By MARGARITA SWEETING
Special to South Florida Times
Miami-Dade County Public Schools Superintendent Alberto Carvalho promised the implementation of what he called “policies, procedures, and practices,” that would address recommendations made by community leaders after an audit of a recent disparity study.
T. Willard Fair, president and CEO of the Urban League of Greater Miami was optimistic that Carvalho’s commitment would move the school board in a positive direction.
“We have a reason to celebrate,” said Fair. “Not only are we elated over the recommendations that are being implemented by the school district, but also for the mature, legitimate, and respectable manner in which our community addressed issues of equity, fairness, and access.”
The presentation came after the Committee for Fair Access and Equitable Distribution of Public Contracts, a committee established by the Urban League, the NAACP, and the BAC Funding Corporation, made a list of 15 recommendations after reviewing the results of the disparity study. Carvalho agreed to 12 of them looking for most to come to fruition within a four month period.
“It’s a viable time frame if he’s serious,” said Ron Frazier, CEO of the BAC. “The administrative part should be done in 30 days because it doesn’t need board approval. The policy part is what could take 60 to 90 days because it has to go before the board for a vote.”
Carvalho assured committee members that he is moving forward with his role in these initiatives and expressed a willingness to work together.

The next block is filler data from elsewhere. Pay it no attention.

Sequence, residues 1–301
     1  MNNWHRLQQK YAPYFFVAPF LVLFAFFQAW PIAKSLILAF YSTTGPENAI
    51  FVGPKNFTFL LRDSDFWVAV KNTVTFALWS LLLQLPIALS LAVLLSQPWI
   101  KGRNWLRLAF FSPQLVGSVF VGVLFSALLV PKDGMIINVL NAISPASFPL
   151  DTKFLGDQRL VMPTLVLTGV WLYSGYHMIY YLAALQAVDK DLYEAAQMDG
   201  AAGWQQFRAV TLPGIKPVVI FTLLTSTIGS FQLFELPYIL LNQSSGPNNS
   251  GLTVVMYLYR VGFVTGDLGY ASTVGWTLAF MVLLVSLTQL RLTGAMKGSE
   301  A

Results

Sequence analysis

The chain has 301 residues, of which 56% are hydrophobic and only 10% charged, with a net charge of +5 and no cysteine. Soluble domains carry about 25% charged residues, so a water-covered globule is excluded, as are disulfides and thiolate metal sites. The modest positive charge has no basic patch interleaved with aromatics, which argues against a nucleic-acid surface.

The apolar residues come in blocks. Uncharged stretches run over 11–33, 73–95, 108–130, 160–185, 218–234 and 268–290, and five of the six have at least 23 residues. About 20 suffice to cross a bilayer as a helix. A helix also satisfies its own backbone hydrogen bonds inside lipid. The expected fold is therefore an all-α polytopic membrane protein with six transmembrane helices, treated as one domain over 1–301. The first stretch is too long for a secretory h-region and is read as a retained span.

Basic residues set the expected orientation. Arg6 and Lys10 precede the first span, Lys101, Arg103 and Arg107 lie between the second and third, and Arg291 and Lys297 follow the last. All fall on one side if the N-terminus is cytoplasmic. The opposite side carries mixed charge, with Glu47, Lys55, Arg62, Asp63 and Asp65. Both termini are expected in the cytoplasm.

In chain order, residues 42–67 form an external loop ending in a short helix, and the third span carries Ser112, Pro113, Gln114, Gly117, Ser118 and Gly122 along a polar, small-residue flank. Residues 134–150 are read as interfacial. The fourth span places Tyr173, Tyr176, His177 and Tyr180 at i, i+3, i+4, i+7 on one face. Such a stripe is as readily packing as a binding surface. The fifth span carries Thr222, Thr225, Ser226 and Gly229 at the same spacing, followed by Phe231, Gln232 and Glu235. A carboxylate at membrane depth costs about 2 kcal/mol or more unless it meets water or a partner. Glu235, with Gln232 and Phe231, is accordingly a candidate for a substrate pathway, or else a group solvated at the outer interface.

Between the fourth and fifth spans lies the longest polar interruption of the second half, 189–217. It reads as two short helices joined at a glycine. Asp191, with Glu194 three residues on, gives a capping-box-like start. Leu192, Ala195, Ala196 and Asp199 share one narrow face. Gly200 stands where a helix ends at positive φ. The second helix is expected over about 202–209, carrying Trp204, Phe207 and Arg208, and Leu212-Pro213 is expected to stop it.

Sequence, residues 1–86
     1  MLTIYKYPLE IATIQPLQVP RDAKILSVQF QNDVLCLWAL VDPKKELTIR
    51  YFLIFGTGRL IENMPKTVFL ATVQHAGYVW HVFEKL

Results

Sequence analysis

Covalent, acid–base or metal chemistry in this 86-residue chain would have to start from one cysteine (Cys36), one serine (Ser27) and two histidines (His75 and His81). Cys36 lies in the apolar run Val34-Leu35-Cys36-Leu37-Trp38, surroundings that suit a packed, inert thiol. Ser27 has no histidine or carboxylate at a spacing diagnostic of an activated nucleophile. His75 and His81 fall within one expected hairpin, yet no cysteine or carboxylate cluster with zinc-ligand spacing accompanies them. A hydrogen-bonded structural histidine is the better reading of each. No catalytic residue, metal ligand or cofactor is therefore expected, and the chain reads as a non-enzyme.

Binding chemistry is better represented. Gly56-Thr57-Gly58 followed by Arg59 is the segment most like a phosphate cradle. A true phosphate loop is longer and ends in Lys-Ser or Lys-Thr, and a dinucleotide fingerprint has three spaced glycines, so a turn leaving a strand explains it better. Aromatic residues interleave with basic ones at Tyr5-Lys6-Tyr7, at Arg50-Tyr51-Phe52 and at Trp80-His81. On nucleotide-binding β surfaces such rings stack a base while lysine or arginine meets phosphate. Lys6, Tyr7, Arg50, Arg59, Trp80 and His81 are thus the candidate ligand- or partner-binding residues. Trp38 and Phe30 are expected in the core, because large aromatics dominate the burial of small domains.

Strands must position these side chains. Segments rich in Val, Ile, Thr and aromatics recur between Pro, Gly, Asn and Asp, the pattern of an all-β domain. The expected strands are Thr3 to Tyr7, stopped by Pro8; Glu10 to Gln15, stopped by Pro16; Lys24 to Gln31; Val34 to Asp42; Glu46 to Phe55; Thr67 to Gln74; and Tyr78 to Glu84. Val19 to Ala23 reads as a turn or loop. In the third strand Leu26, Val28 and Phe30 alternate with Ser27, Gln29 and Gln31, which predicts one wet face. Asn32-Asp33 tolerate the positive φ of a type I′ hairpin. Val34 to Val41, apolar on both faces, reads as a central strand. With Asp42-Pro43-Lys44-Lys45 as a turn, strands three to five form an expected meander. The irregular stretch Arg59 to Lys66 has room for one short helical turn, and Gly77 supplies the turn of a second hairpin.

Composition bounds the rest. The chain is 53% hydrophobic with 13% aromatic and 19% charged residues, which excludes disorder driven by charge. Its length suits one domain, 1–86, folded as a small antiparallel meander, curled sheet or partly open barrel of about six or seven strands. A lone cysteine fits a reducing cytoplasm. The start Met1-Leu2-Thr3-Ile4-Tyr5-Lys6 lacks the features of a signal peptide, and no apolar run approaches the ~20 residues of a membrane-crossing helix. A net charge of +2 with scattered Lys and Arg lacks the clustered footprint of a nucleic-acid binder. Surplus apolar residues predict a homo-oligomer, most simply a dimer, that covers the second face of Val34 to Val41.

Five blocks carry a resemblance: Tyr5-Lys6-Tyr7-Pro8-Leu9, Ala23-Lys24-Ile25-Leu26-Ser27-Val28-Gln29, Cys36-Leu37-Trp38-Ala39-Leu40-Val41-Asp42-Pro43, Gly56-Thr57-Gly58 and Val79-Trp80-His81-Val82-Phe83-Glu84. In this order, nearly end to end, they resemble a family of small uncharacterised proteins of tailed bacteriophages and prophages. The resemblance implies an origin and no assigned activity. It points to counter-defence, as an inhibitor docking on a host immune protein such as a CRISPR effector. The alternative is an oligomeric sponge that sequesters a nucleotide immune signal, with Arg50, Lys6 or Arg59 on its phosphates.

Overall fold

“We presented valid concerns to Superintendent Carvalho, and he responded in a way that was respectful, and demonstrated his willingness to work together toward a mutual and fair resolution,” said Fair.
Carvalho said he’s “actually embraced the robust conversation in the community about historic inequities perhaps not created by us but up to us to solve.”
One of the key ways he said this could be done was through verification of sub payment information. According to Carvalho, there needs to be inspection, monitoring and compliance. So, the Office of Economic Opportunity has already crafted a compliance and monitoring system that will provide real-time data reporting on workforce compliance.
Additionally, M-DCPS has agreed to reinstate the Minority/Women Business Enterprise (M/WBE) program. The plan is to bring the policy before the school board as early as November with final approval as early as December.
Meanwhile, “We’re going to have a hybrid M/WBE program which shall observe racial and gender goals specific to contracts,” said Carvalho.
Other recommendations included implementation of an anti-discrimination policy and program related to contracting, procurement, bonding, and financial assistance; a diversity and inclusion policy for procurement; open channels to community dialogue; and community partnerships. Everyone present at the meeting saw open lines of communication as an integral part to forging change.
“The superintendent was receptive and encouraged positive dialogue without a hint of hostility. As a result, community issues have been brought to the forefront and we have worked cooperatively to develop the right and fair approach to positive change,” said Fair.Working together, Carvalho added, “is especially important to me because we cannot do this alone. We must rely on community partners to position the members of our community with the right skill set to enter or re-enter the workforce.” At Tuesday night’s school board meeting, a commercial anti-discrimination diversity and inclusion training resolution passed in first reading with the caveat that any training meet state requirements.